"With the completion of this job, the PATHFINDER returned south to Espiritu Santo Island in the New Hebrides Islands, where survey operations were carried on without the interference of enemy action. An area off Bogaeio Island at the entrance to Segond Channel was surveyed and charted, for the installation of a degaussing station. An area in Segond Channel was wire-dragged for the location of a floating cruiser drydock. An extensive inshore survey of Segond Channel was made for the location of piers and docks. Turtle and Pallikulo Bays were surveyed and charted to provide anchorage and staging areas. A portion of Pallikulo Bay was dragged to 90 feet for a floating battleship drydock. A portion of Undine Bay on the north shore of Efate Island was surveyed to provide a closer approach to the airfields by tankers. Fila Harbor on Efate was surveyed and wire-dragged, to enlarge the safe anchorage area for units of the fleet engaged in training activities.

"The next job was a two week's tour of duty in Sydney, Australia for the purpose of rest, rehabilitation and recreation. Civilization proved much too alluring for the accomplishment of the first purpose, but the other two were accomplished with sufficient vigor and enthusiasm to more than atone for the omission.

"The PATHFINDER then returned to the job, reported to the Commander of Advanced Naval Bases, Solomons, and was assigned the task of surveying the Russell Islands. This base was to become a tremendous staging point for army equipment and troops, and was the biggest single job undertaken by the PATHFINDER.

"In the middle of the Russell Islands job, the PATHFINDER was called upon by Commander Third Amphibious Force for several emergency rush jobs. The first of these was a survey of Manning Straits. It was thought that Manning Straits would provide a good route for task forces, and a detached party was sent to conduct the survey. Hathorn Sound on Northern New Georgia was surveyed to provide anchorages to serve the growing base and airfields. Vovobe Cove on Kolombangara was completely charted. Rendova Harbor was charted to meet the needs of the new base on Rendova Island. While engaged on this job, the PATHFINDER was called upon to send a party immediately to Cape Torokina, Bougainville. During the invasion there at least one transport had run aground on an uncharted reef, and two others had very narrowly escaped hitting reefs. The assigned mission was to locate, buoy and chart all off-shore reefs. Operations were carried on amidst falling bombs and shells, but eventually were concluded with no serious misfortunes.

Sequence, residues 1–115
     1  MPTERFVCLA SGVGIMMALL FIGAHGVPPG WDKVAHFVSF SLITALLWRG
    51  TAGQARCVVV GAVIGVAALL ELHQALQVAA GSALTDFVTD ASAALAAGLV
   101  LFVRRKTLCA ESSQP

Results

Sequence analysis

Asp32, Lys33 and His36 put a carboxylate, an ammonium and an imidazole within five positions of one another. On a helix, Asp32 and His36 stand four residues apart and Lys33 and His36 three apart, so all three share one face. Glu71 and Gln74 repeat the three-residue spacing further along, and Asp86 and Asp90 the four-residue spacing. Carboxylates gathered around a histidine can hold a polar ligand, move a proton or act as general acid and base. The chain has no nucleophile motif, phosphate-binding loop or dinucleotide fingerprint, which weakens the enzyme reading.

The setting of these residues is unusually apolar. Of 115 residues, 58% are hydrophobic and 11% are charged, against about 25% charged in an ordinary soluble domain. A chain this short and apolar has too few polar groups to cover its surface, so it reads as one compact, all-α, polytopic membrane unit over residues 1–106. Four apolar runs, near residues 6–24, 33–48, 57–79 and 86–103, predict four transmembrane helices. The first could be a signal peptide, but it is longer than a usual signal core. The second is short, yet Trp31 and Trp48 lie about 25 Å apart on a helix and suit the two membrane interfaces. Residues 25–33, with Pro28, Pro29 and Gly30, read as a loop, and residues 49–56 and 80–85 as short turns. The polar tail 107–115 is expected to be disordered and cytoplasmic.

"Another detached party was sent on the invasion of Treasury Islands, and made a complete survey of Blanche Harbor.

"Then finally back to the Russell Islands. That job was finally completed and then the PATHFINDER made another trip to Sydney. However, part of the crew and officers had to stay behind to participate in the invasion of Green Islands. This party landed with the first wave of troops and had started surveying before the shooting had gotten well started. A complete chart of the lagoon and entrances was made, and the rapid development of the base was thereby greatly aided. This party also participated in a reconnaissance raid on Green Islands, and determined minimum depths in the two entrance channels prior to the actual invasion.

"The next job was in the form of another detached party to Emirau Island in the St. Matthias Group. This party landed with the invasion forces and gathered data for charts necessary for the development of the base.

"Before the return of this party, the PATHFINDER had started a survey of Seeadler Harbor in the Admiralty Islands. The entrances and anchorage areas were wire-dragged, and a section of the harbor was dragged to 90 feet for a floating battleship drydock. This base eventually became the main staging area and supply point for the Philippine invasion, and its development was materially speeded when satisfactory charts became available. In the same area, Ponam Island and approaches were surveyed, to make possible the servicing of an air-strip to be built on Ponam Island.

"The PATHFINDER then returned to New Caledonia and commenced surveys improving the existing charts of Havannah Passage leading to Noumea. The wire-dragged channel was widened near it's beginning, and a channel through Woodin Passage was wire-dragged, thus shortening the route appreciably. A survey was made of Burai Bay, New Caledonia, to determine it's feasibility as a staging area. Lifu-Uvea Passage in the Loyalty Islands was surveyed to definitely determine its safety for navigation, and Patteson Passage in the New Hebrides was surveyed for the same reason. Finally, in October, 1944 the PATHFINDER sailed for Pearl Harbor, and then on to San Francisco for a much needed and well earned repair and overhaul period. During this time all but one of the remaining Coast Survey officers were detached, and he left after seeing her safely out to her working grounds again."

"Author's note:

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Last Updated: June 8, 2006 9:24 AM